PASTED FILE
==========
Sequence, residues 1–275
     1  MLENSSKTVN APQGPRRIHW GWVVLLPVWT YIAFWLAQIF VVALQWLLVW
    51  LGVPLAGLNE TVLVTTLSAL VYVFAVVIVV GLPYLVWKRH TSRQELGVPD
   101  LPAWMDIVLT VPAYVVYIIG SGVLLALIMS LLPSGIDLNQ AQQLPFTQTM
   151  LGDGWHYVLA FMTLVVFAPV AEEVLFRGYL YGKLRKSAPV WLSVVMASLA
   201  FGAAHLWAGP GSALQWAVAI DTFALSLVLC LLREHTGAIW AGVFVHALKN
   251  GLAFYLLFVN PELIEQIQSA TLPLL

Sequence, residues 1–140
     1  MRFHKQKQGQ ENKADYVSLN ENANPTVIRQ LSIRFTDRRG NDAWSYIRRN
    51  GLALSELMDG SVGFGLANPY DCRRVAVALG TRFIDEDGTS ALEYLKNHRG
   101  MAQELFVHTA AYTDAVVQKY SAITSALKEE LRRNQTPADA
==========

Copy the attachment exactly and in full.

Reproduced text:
Sequence, residues 1–275
     1  MLENSSKTVN APQGPRRIHW GWVVLLPVWT YIAFWLAQIF VVALQWLLVW
    51  LGVPLAGLNE TVLVTTLSAL VYVFAVVIVV GLPYLVWKRH TSRQELGVPD
   101  LPAWMDIVLT VPAYVVYIIG SGVLLALIMS LLPSGIDLNQ AQQLPFTQTM
   151  LGDGWHYVLA FMTLVVFAPV AEEVLFRGYL YGKLRKSAPV WLSVVMASLA
   201  FGAAHLWAGP GSALQWAVAI DTFALSLVLC LLREHTGAIW AGVFVHALKN
   251  GLAFYLLFVN PELIEQIQSA TLPLL

Sequence, residues 1–140
     1  MRFHKQKQGQ ENKADYVSLN ENANPTVIRQ LSIRFTDRRG NDAWSYIRRN
    51  GLALSELMDG SVGFGLANPY DCRRVAVALG TRFIDEDGTS ALEYLKNHRG
   101  MAQELFVHTA AYTDAVVQKY SAITSALKEE LRRNQTPADA